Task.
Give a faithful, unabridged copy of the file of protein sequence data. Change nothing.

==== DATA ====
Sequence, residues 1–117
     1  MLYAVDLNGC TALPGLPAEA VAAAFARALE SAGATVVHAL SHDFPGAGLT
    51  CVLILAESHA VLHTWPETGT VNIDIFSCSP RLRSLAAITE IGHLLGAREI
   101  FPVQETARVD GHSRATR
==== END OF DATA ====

Sequence, residues 1–117
     1  MLYAVDLNGC TALPGLPAEA VAAAFARALE SAGATVVHAL SHDFPGAGLT
    51  CVLILAESHA VLHTWPETGT VNIDIFSCSP RLRSLAAITE IGHLLGAREI
   101  FPVQETARVD GHSRATR